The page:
Sovereignty cum foreign earnings
Sun, November 04, 2012 - 12:01 AM
The recent comment by Barbados Central Bank Governor Dr DeLisle Worrell that our level of foreign reserves gives us the freedom not to bow to the advice of the International Monetary Fund (IMF) about how we should manage our economy is very comforting news.
As the Governor reminded us: “The IMF is not in a position to tell us anything. That is the beauty of having foreign reserves.”
This news reaches us as we enter into annual Independence celebrations, and its significance is that it assures us that the Barbadian economy is being managed from Bridgetown and not from Washington, London, Japan, China, or anywhere else.
Without this build-up of such reserves over time, we would now be at the mercy and dictates of an organization which one local politician once said behaves like “international writ servers”.
The relatively comfortable level of the reserves also allows us to better understand what political independence means, for the Governor is right to remind us, as we approach the holiday spending season, that the major problem in early 1991 was that Prime Minister Erskine Sandiford’s administration found itself without foreign reserves and had to go to the IMF. We accepted much, but not the most draconian advice – to devalue – which we were then given.
The Governor has informed us further that unless the country earns more foreign exchange, the policies to depress public spending will have to continue in order to protect the entire economy.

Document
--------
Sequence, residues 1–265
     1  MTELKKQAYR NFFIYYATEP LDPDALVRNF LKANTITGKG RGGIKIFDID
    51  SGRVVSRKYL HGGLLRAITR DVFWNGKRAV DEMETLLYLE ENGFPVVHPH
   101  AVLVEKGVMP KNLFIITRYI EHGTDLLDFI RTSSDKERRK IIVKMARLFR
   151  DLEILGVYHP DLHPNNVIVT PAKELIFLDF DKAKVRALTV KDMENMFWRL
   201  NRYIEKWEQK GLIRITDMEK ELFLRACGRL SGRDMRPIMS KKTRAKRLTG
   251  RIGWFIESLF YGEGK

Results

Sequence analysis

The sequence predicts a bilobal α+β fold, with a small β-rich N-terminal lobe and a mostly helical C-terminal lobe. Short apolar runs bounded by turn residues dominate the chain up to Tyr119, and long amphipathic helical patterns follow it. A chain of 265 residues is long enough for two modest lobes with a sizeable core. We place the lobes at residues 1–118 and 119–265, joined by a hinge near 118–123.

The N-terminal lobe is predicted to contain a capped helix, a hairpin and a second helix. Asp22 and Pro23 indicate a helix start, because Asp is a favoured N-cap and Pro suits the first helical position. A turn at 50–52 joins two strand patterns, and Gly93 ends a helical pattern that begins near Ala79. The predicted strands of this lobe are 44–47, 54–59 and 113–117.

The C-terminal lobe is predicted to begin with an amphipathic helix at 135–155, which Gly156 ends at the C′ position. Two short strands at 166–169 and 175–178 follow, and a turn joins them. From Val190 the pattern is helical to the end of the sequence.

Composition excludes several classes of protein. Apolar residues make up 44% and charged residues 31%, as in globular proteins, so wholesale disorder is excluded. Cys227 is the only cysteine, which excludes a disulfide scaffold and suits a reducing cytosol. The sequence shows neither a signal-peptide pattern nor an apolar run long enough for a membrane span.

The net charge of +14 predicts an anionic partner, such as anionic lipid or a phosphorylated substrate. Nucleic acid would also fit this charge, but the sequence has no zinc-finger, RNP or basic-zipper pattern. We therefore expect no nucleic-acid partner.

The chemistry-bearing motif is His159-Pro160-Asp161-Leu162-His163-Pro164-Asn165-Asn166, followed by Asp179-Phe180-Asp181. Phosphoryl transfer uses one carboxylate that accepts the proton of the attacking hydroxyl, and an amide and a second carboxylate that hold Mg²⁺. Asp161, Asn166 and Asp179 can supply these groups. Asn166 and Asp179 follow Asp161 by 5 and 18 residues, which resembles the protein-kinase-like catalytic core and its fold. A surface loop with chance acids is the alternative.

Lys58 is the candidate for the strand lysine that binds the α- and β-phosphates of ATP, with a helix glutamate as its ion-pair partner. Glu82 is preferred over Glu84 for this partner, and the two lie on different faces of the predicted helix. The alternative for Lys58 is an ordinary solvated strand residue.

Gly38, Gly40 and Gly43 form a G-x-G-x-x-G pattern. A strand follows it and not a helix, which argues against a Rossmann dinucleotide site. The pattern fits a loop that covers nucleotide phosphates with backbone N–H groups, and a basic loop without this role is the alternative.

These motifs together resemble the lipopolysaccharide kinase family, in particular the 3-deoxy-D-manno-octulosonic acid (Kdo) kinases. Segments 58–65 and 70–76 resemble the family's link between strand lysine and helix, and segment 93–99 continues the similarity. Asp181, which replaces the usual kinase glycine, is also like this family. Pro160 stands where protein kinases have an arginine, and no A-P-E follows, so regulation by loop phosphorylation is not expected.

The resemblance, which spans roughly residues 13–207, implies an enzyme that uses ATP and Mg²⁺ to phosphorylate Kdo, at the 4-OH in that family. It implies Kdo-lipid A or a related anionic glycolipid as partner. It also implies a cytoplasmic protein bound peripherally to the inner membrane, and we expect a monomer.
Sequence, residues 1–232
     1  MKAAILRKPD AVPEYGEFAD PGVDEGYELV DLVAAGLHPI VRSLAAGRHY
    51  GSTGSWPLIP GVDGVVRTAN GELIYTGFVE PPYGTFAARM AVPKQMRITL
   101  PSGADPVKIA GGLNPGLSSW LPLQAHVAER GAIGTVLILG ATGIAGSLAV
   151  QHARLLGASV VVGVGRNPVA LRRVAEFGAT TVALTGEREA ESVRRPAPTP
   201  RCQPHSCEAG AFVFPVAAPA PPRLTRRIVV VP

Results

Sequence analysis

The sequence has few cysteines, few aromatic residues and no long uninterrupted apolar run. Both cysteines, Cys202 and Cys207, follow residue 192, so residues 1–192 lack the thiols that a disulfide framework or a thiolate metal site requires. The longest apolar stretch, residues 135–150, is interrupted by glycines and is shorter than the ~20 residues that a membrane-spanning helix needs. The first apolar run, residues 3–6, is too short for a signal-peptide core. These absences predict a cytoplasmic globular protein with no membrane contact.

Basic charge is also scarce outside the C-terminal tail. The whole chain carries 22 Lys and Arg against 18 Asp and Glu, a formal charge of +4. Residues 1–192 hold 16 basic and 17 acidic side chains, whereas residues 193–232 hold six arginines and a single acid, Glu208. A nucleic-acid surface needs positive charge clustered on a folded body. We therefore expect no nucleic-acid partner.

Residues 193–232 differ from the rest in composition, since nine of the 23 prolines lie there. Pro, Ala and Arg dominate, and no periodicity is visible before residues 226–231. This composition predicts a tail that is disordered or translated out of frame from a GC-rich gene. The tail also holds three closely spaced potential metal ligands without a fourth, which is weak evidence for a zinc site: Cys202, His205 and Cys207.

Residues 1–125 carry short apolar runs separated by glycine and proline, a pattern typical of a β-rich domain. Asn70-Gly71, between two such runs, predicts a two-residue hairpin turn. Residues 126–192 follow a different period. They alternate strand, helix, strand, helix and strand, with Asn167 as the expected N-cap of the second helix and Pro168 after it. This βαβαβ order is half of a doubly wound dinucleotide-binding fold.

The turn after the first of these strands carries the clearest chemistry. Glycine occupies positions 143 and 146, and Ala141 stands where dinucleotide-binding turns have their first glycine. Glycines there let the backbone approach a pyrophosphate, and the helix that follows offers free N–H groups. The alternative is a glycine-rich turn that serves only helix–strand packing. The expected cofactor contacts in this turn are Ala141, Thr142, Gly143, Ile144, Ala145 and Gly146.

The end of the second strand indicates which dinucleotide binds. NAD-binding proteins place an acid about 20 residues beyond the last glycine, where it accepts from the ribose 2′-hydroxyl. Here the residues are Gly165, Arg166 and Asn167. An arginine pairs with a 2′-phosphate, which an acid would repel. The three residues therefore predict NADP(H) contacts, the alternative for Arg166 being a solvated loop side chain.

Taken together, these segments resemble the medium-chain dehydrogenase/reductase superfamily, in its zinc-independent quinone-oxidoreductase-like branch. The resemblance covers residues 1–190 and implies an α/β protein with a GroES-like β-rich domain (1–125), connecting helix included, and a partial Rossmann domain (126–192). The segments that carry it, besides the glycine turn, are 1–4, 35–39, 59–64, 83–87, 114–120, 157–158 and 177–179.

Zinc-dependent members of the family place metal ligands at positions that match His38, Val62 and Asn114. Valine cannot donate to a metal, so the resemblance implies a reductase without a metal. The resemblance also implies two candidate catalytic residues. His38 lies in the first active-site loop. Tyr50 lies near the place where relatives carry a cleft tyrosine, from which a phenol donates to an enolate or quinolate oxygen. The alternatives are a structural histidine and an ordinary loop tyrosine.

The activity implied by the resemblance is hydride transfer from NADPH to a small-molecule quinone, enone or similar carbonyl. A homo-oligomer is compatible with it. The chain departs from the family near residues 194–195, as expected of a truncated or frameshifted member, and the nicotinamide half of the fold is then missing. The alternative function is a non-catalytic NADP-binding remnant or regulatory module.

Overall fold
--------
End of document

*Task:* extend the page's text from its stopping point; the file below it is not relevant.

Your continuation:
We anticipate that the raging debate on various economic issues will continue during this season, but it is clear common ground now between the two major political parties that the level of foreign reserves and the need to keep on earning more foreign currency than we spend are a key element of whatever economic policies either party chooses to propound.
We are not surprised at Dr Worrell’s statement; for the bank’s first Governor, Sir Courtney Blackman, has been stressing the need for us to earn foreign currency for decades.
In a lecture last year, he said: “It would be humiliating if we had to cede our sovereignty to international creditors or financial institutions through failure to husband our foreign reserves – as indeed near befell us in 1991 when the IMF was demanding an eight per cent cut in public service wages and the layoff of 2 000 civil servants.”
It would indeed, and that is why Dr Worrell’s comments are reassuring; but it is equally important that steps be taken to shake up and stimulate those economic sectors that earn foreign exchange.
The creation of an international financial sector was designed to help us earn foreign exchange, and to date we have successfully used that vehicle to improve our earning capacity; and together with tourism and other services we have seen the value of the sector even in the face of a turbulent international landscape.
It is therefore nationally important that we continue to monitor changes in that sector and quickly amend our legislation so we can maximize the potential of this fast moving industry.
It would also help the sector if in addition to desirably quicker service, the long mooted international arbitration centre could come to fruition. We have lost the unique position of having the first such centre away from the London base of the organization which is dedicated to the business of arbitration of disputes between companies.
Yet, we ought now to agitate ourselves and get on with the job of getting such a centre located within our island. The task of earning foreign exchange is “round-the-clock activity”, and given the importance of it to our national well-being, we must use every opportunity to maximize such earnings.
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